As we enter the heat and heart of another general election, get ready. People will let loose with their political views and castigate others who do not agree with them. Some will be particularly offensive and critical of church officials for speaking out about the election or for not speaking out about it. Observers claim that there used to be a “Catholic vote” or voting block from Catholics. If that were once true it is no longer; most Catholics vote according to personal conscience rather than in lockstep with any group-think or political party or instruction from religious leaders.
I have heard left-leaners claim, “If Jesus lived in America today, He would be a democrat.” I think, “Yes, He’d especially like their pro-abortion stance.” Of course, you and I know that, when it comes to cradle to grave issues, republicans aren’t any better about respecting life, dignifying life, or encouraging life universally. From congressional gridlock to government overreach, partisan reporting to societal pandering, ideological polarization to swimming in political swamps, if approached by either party to join them Jesus would probably run in the other direction as fast and far as possible.
I have never been part of a political party because I don’t think Jesus would, though He encourages us to be political. He engaged in the politics of His time even though it is “dirty, frustrating, and fraught with failure,” as Pope Francis stated. Jesus gave us an attitude to approach politics as means to help the lowly, the disenfranchised, the forgotten, and the marginalized and to respond to societal injustices in active nonviolent ways. Our task as Catholics is to work for the common good without allowing ourselves to be corrupted in the process. The Catholic Social Teachings provide a good guide or platform for our church’s political viewpoint; and the United States Conference of Catholic Bishops offers a good road map for us in their document, “Forming Consciences for Faithful Citizenship: A Call to Political Responsibility.” You can easily find these writings by visiting most parish or diocesan websites. I am grateful to our bishop and others who urge priests not to promote one candidate over another or one party over another but to preach relevant issues year-long instead of targeting the voting season.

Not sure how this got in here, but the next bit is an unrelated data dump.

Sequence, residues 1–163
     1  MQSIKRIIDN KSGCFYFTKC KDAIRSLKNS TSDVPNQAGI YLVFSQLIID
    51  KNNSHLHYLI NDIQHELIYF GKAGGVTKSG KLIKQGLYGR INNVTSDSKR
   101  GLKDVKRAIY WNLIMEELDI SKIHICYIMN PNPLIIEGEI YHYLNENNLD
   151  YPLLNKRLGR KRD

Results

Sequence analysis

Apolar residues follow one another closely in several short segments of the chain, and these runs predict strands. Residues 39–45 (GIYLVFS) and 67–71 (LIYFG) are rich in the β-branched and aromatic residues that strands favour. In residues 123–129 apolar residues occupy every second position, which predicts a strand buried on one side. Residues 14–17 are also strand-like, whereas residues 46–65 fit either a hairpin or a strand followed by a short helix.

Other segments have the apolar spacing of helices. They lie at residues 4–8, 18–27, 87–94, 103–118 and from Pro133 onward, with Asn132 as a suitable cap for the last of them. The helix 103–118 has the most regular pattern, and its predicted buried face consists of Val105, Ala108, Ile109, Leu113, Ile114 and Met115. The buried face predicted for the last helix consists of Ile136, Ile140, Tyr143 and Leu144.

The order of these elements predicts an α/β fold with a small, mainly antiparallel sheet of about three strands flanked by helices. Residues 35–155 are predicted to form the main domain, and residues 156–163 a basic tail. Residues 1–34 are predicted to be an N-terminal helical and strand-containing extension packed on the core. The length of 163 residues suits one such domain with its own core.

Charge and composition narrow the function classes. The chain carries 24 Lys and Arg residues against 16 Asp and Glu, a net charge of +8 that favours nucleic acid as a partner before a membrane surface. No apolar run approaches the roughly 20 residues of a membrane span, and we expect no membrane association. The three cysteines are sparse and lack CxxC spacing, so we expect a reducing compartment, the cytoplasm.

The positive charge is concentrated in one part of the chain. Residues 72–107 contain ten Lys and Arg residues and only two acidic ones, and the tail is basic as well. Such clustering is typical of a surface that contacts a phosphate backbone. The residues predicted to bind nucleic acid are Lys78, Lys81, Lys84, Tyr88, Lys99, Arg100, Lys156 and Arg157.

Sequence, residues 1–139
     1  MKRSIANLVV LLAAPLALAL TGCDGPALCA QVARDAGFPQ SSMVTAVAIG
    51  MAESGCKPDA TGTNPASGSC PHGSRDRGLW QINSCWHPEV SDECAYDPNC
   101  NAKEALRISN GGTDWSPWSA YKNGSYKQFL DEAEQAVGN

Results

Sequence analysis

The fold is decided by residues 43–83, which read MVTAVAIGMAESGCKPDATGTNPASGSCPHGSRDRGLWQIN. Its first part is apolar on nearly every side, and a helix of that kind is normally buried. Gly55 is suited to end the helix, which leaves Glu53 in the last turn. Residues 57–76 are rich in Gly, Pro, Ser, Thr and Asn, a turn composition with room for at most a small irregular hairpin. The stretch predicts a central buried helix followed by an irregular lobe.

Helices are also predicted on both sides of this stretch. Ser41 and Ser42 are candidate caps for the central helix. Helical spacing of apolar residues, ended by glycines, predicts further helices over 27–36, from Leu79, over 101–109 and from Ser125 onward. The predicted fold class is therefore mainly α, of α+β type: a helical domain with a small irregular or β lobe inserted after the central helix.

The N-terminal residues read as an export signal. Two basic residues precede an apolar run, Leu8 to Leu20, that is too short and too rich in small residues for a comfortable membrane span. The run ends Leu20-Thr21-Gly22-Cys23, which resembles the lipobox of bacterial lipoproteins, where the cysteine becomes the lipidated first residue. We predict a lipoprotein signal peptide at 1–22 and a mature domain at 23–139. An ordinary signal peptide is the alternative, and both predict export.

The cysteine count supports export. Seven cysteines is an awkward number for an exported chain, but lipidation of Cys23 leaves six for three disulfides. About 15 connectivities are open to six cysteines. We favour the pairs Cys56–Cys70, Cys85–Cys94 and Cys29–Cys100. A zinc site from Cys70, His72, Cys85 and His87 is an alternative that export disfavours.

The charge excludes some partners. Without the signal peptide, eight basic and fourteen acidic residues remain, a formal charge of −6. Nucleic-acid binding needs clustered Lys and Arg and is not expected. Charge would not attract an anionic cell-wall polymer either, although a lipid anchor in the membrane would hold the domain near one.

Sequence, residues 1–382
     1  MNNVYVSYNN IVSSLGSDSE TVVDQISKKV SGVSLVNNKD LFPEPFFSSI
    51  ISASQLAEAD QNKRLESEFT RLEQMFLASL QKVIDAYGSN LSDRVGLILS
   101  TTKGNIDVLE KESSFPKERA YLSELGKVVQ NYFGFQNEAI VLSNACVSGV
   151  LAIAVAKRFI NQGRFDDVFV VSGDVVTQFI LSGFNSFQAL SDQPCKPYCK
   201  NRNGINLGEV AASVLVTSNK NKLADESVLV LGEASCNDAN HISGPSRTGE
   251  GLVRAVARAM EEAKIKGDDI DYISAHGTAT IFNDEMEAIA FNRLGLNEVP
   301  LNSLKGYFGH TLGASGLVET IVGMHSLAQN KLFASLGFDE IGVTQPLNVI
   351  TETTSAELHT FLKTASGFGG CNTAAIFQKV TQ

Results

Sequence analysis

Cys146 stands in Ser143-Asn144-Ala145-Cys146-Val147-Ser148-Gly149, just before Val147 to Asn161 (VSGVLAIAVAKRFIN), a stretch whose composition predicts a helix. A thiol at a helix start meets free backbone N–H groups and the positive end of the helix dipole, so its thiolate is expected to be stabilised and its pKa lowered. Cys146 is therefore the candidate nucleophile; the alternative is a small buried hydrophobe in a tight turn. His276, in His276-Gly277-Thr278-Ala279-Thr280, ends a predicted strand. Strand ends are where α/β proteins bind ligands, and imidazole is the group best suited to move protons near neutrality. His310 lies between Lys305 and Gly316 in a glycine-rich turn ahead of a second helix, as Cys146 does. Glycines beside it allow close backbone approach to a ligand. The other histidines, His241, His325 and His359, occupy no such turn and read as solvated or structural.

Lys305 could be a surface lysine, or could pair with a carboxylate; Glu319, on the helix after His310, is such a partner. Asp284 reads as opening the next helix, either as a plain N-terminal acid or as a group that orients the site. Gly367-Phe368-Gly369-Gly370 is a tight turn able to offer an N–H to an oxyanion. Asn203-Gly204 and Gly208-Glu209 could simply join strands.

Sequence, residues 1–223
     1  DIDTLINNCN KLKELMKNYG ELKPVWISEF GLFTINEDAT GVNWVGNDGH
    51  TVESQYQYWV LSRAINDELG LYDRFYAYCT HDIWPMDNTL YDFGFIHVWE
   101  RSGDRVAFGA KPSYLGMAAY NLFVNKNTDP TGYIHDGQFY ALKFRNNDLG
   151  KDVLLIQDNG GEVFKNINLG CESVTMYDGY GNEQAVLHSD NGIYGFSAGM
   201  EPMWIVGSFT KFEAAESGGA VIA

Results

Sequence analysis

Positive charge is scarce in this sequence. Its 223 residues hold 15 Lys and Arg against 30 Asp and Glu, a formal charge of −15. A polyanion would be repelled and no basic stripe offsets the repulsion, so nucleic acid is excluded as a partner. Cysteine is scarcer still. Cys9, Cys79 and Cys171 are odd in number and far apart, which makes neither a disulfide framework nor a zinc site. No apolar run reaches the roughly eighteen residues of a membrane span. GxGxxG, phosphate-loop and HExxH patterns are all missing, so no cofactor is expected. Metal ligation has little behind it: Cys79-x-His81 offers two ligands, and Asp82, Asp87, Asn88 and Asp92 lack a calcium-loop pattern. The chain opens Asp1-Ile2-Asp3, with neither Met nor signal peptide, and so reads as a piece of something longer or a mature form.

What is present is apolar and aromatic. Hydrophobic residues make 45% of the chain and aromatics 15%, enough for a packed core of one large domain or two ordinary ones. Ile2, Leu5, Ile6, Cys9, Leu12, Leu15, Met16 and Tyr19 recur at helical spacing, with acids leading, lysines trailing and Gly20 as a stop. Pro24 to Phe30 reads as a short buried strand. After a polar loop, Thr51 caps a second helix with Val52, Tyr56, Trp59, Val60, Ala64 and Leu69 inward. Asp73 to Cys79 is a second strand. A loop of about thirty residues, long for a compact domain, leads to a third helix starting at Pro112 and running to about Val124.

Our job as Catholics in the political arena is to imitate Jesus who cast out demons and healed those who suffer while also challenging powerful office holders who lord it over others. We should do our part, then, to dispel evil in our society, assist those who are downtrodden, and hold elected leaders accountable for noble leadership. Most public servants are good people who want to make the world a better place; we would do well to remember this while enduring the underbelly of the election cycle. It is taxing to tolerate all the attack ads, debates, endless commercials, insults, and those who approve such messages, but they’re back. And we’ll feel the pain of it in the months ahead. As pundits reduce the presidential election to socialism vs. fascism, a nice guy who’s easily swayed vs. a rude, crude dude who’s obstinate, or Uncle Joe vs. Cousin Eddie, we will have to make up our own minds. However it unfolds, I encourage us to engage in faithful citizenship, take seriously our political responsibility, study Catholic Social Teachings, and imitate Christ’s attitude as best we are able. Yes, it’s all back in full force. Let’s do our part to give it a little more dignity this time around.